WA Salt now among shakers

FRANK Lister and his family have shared a long and happy affinity with working in the salt mines.

Mr Lister is managing director of WA Salt Supply, a family-run company founded in 1944, which supplies the local market and exports to almost a dozen countries.

The Listers’ association with salt began after Frank’s father, Arthur, and uncles, George and Jack, followed the advice of a Kalgoorlie politician who said the WA industry should opt for locally mined salt instead of importing it from South Australia.

At the time, Arthur, George and Jack, who were based at the mining town of Widgiemooltha, were keen to find an alternative to the slumped activity of gold mining, so they started harvesting salt from Lake Lefroy where they held a mining lease.

From there salt became a staple earner for the family.

Today, Frank’s cousins and business partners, Tony and John, mine salt at lakes at Koolyanobbing and Esperance, and daughter, Emmie, has taken the company through ISO-9000 quality assurance.

“I can remember being about four and helping my Mum with hand sewing some salt bags,” Frank said.

“Back in those days salt was harvested by fairly humble means. Dad used a shovel to scrape the salt off the lake and it was placed into 20-tonne containers by hand.”

Today, WA Salt Supply uses contract labour with sophisticated equipment for harvesting salt and its refining factory at Hamilton Hill employs 25 people to process 50,000 tonnes of salt annually.

The majority of mined produce is sold domestically but a healthy export trade is being developed through pursuing niche markets for companies requiring premium grade processed salt in their manufacturing processes.

A global debut was made in 1990 when Mr Lister responded to an inquiry from a British paint manufacturer and won business away from the company’s German supplier.

The confidence boost spurred the company to explore and win business in Mauritius, Reunion Island, Singapore, Tonga, New Caledonia, Fiji, Brunei, Japan, Indonesia and Papua New Guinea.

Exports earnings of around $1 million annually are expected to grow as a plan is progressed to marry freight logistics with the identification of clients who have a need for premium salt.

The product is palletised and shipped in containers.

Frank said many of his clients, such as a textile manufacturer in Mauritius, used first-world technology for their product but only had access to local salt suppliers who were still using third world technology.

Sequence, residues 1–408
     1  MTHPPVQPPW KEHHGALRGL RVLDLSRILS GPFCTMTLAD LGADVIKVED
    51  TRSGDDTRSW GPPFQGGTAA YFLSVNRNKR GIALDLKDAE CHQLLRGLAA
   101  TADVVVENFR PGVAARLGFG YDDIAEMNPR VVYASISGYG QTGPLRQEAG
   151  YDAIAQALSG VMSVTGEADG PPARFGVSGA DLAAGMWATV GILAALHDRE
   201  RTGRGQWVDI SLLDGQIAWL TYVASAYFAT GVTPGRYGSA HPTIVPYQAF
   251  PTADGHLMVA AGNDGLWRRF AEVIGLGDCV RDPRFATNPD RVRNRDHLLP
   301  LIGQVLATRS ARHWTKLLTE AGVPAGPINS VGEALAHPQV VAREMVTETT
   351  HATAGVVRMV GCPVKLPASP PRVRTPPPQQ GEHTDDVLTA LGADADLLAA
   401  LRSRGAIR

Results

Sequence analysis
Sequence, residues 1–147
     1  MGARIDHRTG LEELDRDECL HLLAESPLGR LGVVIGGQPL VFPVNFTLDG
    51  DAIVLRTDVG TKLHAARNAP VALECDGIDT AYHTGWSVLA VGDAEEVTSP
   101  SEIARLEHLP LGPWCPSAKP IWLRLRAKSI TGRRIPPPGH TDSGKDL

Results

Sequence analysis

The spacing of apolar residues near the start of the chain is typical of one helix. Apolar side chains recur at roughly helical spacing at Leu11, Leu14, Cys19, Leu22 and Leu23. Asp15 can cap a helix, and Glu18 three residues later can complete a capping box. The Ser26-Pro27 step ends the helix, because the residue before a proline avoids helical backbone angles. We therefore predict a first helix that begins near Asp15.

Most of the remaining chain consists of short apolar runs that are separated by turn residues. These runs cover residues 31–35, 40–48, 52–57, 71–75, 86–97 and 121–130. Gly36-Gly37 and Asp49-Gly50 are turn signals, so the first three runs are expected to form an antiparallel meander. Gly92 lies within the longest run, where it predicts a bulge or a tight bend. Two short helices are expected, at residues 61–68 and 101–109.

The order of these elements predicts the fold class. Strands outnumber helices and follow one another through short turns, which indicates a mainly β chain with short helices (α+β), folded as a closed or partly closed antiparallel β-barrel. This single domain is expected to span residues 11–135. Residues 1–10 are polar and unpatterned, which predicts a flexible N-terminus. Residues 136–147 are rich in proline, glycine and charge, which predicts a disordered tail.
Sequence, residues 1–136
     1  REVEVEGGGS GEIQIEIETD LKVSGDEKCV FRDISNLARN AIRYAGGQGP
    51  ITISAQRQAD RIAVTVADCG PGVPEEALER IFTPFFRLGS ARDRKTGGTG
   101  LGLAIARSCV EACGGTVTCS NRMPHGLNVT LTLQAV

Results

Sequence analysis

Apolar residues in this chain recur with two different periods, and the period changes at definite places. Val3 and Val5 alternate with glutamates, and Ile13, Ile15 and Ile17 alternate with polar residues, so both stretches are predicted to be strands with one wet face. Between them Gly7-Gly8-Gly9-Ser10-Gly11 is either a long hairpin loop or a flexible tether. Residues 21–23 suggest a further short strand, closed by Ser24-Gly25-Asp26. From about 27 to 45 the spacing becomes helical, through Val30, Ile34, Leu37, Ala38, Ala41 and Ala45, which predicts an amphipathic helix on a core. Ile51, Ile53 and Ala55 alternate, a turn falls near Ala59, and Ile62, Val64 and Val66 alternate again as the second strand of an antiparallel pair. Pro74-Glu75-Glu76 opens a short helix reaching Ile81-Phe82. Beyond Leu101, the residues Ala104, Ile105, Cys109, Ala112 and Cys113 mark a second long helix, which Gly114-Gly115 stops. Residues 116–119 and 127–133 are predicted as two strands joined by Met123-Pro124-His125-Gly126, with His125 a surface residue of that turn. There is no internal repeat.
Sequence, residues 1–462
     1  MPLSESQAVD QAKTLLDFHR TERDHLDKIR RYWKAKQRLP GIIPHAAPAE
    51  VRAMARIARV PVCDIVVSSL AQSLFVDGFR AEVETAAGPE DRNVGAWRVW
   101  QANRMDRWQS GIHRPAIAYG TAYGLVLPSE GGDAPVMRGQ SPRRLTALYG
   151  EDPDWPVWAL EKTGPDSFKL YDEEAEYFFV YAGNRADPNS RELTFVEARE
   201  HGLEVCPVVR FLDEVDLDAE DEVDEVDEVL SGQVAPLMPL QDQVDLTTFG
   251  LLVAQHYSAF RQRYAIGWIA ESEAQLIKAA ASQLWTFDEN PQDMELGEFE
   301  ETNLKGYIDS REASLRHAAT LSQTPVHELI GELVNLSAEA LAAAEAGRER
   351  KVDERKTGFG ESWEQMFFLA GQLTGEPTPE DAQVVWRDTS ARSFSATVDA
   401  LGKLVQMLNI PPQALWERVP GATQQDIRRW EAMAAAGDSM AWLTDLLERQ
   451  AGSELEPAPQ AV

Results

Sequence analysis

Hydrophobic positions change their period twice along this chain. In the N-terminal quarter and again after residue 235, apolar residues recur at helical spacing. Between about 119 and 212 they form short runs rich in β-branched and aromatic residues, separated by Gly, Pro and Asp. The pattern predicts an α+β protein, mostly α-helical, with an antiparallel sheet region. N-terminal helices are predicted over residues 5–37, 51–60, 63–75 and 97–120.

In 1998 the company signed a contract with a Mauritian textile producer to supply 4,000 metric tonnes of salt for use in stabilising dyes.

Mauritius was serviced by a direct shipping link from Fremantle but rising freight rates made it more difficult to compete with salt producers from Thailand.

“In the main we have attempted to absorb the freight rate increases we’ve experienced over the past six to nine months,” Frank said.

“Salt is a low value commodity and freight costs can amount to 40 per cent of production costs, so we have to be pretty diligent about freight costs.

“I identify my target countries based on freight logistics in that I always make sure the product will be going to a port where cheap freight rates are available to it.”

– Frank Lister

“Salt is cheap and it is available everywhere, so we have to ensure that our product is in a class of its own.

“I identify my target countries based on freight logistics in that I always make sure the product will be going to a port where cheap freight rates are available to it.

“Once I’ve done this I search for industries near that port that can use our product and that are willing to pay a premium for it.

“For instance, some manufacturers like a product that is brilliant white, while others are looking for certain mineral characteristics.”

He is optimistic about opportunities to export more produce to Japan, where the Government plans to deregulate the salt market after 2002.

The company sends an average of two containers a week – 40 tonnes – to this market for use in specialty foods.

“Even if we win something like 0.001 per cent of this market – with 170 million people – we will secure substantial business,” he said

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